The Foundation of the Wall and Ceiling Industry recently issued a pamphlet entitled, “Building Information Modeling-Understanding and Operating in a New Paradigm.” Page 13 of the pamphlet states, “a survey conducted by Construction Clients Forum 1997 showed that two-thirds of (building) owners report cost overruns.”
To repeat Kymmell, “Despite many recent developments in project delivery methods, owners are often still dissatisfied.” What are the different types of project delivery methods?
Design/Bid/Build with Construction Management
Design/Build/Operate and Maintain
Integrated Project Delivery
Each of these delivery methods has a format that is followed from start to finish. Well-educated and experienced people designed these delivery methods but overall owners are not happy. As Professor Kymmell says, “Despite many recent developments in project delivery methods owners are often still dissatisfied.”
Owners who develop real-estate and have buildings built are saying in a nutshell:
“My building takes too long to build.”
“My building cost’s too much.”
“My building does not meet my expectation.”
Owners are not saying that they don’t like the delivery method. But the bottom line is that the delivery method is not getting the building built faster, cheaper or better. I would think that the method of delivery has little to do with the owner’s overall satisfaction.
Faster, cheaper and better seems to be what owners want and the delivery methods so far have not solved that problem. Do we create a new delivery method? Will BIM get the buildings done faster, cheaper and better?
HEAVY WEIGHT BOUT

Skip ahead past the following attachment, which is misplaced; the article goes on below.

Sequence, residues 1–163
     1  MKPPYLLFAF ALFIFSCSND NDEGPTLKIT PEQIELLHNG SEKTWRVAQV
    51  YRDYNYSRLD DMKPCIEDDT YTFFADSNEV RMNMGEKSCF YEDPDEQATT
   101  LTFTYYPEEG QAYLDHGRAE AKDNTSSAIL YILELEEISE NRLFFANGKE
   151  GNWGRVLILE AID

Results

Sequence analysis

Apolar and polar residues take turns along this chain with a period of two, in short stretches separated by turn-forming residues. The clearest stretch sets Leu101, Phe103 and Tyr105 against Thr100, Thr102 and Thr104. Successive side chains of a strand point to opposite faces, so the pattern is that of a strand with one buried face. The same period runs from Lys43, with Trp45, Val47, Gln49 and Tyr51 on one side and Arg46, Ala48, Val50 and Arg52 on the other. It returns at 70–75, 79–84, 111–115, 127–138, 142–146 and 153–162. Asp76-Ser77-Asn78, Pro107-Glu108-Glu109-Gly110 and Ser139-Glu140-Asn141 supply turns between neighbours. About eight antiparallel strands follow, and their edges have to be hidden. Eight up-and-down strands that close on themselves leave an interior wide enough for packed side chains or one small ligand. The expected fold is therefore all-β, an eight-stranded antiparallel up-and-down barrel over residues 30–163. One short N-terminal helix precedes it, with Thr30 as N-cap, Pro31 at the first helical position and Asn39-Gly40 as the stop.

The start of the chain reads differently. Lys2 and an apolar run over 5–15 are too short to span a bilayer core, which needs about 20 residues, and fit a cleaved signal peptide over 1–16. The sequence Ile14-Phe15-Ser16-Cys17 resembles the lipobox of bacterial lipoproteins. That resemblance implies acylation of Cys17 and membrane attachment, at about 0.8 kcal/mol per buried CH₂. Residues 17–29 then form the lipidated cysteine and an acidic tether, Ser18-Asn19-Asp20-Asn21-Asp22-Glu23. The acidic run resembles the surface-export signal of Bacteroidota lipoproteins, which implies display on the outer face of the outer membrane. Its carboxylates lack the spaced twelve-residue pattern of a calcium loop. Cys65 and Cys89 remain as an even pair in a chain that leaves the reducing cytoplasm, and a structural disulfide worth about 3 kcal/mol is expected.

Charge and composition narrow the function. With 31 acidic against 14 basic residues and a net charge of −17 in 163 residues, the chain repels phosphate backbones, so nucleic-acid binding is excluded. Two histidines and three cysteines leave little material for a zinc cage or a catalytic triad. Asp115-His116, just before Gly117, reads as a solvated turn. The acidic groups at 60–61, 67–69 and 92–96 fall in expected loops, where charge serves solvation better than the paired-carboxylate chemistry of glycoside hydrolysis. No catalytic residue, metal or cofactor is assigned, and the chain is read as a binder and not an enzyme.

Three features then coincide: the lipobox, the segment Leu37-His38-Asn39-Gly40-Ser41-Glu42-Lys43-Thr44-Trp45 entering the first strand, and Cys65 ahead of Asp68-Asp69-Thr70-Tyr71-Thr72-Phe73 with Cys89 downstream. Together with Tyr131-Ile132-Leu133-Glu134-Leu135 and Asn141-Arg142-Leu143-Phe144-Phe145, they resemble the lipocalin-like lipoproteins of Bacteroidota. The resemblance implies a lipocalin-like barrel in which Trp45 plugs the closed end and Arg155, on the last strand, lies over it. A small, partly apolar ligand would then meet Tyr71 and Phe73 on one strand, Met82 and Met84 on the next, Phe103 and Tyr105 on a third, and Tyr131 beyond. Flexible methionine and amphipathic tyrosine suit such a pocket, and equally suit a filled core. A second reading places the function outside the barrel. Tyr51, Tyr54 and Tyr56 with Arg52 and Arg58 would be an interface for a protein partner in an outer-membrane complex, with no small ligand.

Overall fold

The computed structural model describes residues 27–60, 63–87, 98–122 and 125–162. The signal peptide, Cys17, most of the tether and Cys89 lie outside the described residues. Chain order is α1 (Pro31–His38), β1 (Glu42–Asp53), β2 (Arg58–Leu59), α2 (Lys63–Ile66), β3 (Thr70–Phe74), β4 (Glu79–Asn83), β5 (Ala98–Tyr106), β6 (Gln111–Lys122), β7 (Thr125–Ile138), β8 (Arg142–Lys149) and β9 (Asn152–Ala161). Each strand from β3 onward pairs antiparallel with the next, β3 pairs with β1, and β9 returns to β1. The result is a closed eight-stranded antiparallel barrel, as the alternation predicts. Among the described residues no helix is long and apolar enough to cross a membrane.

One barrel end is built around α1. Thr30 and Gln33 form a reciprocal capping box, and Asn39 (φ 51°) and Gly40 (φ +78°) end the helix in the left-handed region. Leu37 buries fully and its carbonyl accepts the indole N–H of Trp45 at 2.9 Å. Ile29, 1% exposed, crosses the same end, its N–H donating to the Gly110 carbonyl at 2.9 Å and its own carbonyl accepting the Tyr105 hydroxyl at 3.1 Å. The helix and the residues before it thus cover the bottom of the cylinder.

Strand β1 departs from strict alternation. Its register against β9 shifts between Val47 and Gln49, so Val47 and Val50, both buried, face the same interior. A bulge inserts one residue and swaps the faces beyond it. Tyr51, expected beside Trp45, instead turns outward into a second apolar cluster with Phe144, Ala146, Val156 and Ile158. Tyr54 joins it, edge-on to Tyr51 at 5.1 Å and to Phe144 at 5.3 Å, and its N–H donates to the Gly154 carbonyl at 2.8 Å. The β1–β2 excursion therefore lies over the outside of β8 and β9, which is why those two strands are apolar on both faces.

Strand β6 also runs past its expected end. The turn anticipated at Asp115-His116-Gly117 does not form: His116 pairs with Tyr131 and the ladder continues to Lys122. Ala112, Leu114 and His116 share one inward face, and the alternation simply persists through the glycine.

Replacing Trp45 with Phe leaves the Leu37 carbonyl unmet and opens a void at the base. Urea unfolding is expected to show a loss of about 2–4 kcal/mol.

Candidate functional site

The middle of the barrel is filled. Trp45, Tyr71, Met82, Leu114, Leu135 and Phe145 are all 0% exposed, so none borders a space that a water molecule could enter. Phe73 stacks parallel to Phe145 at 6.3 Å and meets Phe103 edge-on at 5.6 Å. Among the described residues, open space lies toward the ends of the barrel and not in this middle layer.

In this corner we have Mr. Owner weighing in at 450 pounds and in the other corner is Mr. GC weighing in at 300 pounds and in the third corner is Mr. Sub weighing in at 150 pounds and in the last of the four corners is Mr. Legal weighing in at 600 pounds.
There are four people in the ring when it comes to building a building: Owner, GC, and sub-all of who are under Mr. Legal’s contract terms and conditions. Because there is a lot of money involved in the construction business, the attorney’s automatically show up. Do we need them to the degree they are involved? How much money does the legal industry add to the cost of a building?
Are owners, GCs and subcontractors able to work together seamlessly and at a high level of trust? They are able, but do they, and if not, why not? How much does a low level of trust cost the owner? Does lots of money plus a low level of trust equal attorneys?
Is there any industry you can think where the parties involved are able to work together without lawyers being involved? Lawyers have done an excellent job of creating what I call a “perpetual economy.” Stay with me now, because what I’m about to explain is not only important, but it may also spark an idea that most of us have not been able to get our minds around.
Examples of a few perpetual economies are healthcare, oil, tobacco and law. To keep an industry perpetual means that it must continue to grow, generating more and more revenue, as well as jobs outside itself but related. If a pharmaceutical company created a vaccine that cured humans from cancer and heart disease, the impact to the healthcare industry would be staggering in terms of revenue. Cures would literally destroy the perpetual economy that now exists in the treatment of cancer and heart disease. The treatment rather than the cure keeps the industry a perpetual economy.